Was Prohibition A True Success Essay Research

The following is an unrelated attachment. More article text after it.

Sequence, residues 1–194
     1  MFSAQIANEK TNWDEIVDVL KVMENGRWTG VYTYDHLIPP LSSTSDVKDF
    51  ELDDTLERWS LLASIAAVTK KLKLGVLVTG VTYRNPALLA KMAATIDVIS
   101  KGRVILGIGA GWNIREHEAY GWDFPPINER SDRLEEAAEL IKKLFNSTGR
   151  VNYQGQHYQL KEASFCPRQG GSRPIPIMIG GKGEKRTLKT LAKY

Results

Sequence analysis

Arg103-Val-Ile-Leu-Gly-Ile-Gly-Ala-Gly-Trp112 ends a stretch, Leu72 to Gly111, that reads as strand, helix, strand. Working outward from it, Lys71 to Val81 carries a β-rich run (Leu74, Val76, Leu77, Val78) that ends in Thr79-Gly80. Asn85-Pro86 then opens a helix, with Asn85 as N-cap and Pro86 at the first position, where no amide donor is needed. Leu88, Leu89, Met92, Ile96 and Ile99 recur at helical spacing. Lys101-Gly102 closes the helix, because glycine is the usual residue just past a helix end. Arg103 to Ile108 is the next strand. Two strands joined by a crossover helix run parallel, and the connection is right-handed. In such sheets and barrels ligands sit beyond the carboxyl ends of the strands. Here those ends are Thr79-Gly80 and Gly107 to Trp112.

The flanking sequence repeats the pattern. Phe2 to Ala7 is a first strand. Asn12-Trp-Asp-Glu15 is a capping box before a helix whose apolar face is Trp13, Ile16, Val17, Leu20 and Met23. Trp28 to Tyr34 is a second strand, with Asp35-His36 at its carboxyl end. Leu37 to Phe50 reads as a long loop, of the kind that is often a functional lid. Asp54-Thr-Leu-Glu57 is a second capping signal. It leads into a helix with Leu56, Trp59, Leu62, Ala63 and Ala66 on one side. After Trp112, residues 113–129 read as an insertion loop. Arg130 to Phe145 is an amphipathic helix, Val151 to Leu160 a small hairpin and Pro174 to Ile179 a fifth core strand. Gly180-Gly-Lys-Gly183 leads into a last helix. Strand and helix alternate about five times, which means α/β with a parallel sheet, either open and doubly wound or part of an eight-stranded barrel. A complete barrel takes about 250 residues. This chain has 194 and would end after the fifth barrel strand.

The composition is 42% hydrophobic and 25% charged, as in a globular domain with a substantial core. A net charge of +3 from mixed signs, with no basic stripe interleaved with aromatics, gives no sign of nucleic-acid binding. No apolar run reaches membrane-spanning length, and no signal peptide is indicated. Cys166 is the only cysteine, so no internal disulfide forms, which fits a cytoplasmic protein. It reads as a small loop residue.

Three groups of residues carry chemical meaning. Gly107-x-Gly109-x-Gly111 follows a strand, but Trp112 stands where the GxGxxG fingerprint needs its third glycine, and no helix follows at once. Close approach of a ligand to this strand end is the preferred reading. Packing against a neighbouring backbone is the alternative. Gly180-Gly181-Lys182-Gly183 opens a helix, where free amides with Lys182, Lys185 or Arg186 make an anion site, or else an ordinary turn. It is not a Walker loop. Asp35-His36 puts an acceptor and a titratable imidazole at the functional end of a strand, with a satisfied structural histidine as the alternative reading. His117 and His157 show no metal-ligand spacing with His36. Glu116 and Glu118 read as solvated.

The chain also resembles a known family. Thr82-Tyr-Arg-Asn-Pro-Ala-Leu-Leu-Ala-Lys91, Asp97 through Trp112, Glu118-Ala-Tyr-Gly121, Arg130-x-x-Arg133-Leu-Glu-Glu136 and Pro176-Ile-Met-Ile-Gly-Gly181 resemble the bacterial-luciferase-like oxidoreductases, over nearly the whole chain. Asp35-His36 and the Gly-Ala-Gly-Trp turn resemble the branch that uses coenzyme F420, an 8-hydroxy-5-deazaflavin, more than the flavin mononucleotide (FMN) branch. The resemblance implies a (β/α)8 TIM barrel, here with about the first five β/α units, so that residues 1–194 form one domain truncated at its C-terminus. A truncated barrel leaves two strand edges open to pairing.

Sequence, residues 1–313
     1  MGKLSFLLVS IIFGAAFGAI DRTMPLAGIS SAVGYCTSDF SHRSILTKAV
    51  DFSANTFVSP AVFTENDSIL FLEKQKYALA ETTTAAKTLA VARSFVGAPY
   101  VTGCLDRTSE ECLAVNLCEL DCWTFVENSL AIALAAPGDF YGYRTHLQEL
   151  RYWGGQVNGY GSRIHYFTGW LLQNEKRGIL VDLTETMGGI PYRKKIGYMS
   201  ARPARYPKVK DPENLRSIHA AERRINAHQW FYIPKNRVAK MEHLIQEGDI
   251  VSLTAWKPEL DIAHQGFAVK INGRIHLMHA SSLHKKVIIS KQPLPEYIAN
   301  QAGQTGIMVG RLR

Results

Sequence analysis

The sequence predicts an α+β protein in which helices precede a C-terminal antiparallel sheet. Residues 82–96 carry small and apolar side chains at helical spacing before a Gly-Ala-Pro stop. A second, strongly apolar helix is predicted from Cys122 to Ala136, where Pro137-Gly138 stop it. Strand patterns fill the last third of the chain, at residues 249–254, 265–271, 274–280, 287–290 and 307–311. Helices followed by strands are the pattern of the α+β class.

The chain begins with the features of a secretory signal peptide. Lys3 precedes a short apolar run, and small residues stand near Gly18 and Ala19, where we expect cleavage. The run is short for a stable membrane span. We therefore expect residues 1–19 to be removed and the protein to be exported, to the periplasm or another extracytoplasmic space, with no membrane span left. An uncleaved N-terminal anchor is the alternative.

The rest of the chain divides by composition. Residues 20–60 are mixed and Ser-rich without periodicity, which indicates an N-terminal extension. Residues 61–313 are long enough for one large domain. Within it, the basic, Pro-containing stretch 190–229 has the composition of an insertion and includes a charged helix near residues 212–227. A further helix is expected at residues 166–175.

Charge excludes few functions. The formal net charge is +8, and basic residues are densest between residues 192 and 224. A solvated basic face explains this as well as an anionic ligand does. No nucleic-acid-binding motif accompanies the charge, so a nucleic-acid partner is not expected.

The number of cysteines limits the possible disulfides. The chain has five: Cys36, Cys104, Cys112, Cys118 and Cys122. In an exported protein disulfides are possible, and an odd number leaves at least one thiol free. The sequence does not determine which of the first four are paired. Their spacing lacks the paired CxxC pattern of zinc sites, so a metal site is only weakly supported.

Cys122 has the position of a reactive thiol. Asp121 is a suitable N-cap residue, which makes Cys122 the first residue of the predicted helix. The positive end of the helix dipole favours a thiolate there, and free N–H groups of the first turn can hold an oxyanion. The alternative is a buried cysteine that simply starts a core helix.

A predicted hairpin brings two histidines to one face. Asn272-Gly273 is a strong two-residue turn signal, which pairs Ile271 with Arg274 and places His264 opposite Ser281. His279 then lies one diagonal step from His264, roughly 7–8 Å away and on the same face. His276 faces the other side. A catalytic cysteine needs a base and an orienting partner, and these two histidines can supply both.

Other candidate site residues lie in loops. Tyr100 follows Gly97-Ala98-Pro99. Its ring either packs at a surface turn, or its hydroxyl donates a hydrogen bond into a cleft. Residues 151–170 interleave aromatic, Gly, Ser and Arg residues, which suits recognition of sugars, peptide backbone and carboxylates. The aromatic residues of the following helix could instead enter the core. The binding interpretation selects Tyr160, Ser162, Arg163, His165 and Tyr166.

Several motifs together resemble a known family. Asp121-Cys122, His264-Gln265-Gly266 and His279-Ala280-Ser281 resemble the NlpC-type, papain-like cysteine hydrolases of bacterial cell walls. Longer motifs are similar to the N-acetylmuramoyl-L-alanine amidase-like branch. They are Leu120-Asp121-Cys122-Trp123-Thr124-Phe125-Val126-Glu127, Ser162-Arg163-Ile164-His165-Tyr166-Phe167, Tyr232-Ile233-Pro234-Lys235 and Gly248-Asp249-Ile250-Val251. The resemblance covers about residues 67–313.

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Was Prohibition A True Success? Essay, Research Paper The 20th century saw the dawn of the progressive movement. In addition to their sometimes-radical views on institutional reform the group also advocated prohibition, or the outlawing of alcoholic beverages. The success of this movement is based upon many factors. The strength and commitment of its leaders was a big part of it. Prohibition proved to have a negative effect on society rather than its original goal to eradicate the so-called evils of alcohol. Americans were not willing to have their lives controlled by bible thumping progressives (doc. H)! The prohibition movement?s strength grew, especially after the formation of the Anti-Saloon League in 1893 (doc. B). The League, and other organizations that supported prohibition such as the Women?s Christian Temperance Union, soon began to succeed in enacting local prohibition laws. By the 1900?s the prohibition campaign was a national movement with great political undertones (doc. C & G). During this time the brewing industry was the most prosperous of the beverage alcohol industries. Because of the competitive nature of brewing, the brewers entered the retail business. To expand the sale of beer, brewers expanded the number of saloons. As the saloons prospered, (doc. F) it was not unusual to find a saloon for every 200 or so Americans in a large city. However the saloon owners were hard pressed to maintain profit so they introduced other vices (gambling, prostitution etc.). Unfortunately, for the saloon owners, many Americans found these vices to be more offensive than consumption of alcohol (doc. A). Prohibition leaders believed that once license to do business was removed from the liquor traffic the churches and reform organizations would enjoy the opportunity to pursuade Americans to give up drink. This opportunity would occur, publicly unchallenged by the liquor business (perhaps they were too smashed!) even though it was in their interests to urge Americans to drink more. However it is important to note that though prohibition remained publicly unchallenged by the liquor business, speakeasies were their mainstays. Therefore the ?blight? of saloons was to disappear from the landscape by 1919. Many prohibition leaders looked forward to an educational campaign (doc. B & C) that would greatly expand once the liquor establishments became illegal and would, they hoped, in about thirty years, lead to a sober nation. Other prohibition leaders looked forward to vigorous enforcement of prohibition in order to eliminate supplies of beverage alcohol (doc. D). After 1920, neither group of leaders was especially successful. The educators never received the support for the campaign that they dreamed about; and the law enforcers were never able to persuade government officials (doc. G.) to mount an enthusiastic enforcement campaign against illegal suppliers of alcohol (doc. N.). The best evidence available to historians shows that consumption of alcoholic beverages declined dramatically under prohibition. In the early 1920s, consumption was about thirty per cent of the pre-prohibition level. Consumption grew somewhat in the last years of prohibition, as illegal supplies of liquor increased and as a new generation of Americans disregarded the law and rejected the attitude of self-sacrifice that was part of the bedrock of the prohibition movement. Nevertheless, it was a long time after repeal before consumption rates rose to their pre-prohibition levels. In that sense, prohibition “worked” (doc. S). Prohibition was instrumental in creating significant social change during and after its existence. These changes could have been construed as both good and bad. Alcohol became a near-mythic commodity and countless dollars were wasted through its destruction and confiscation. Initially, with prohibition, people were forced into the underground to drink in secret.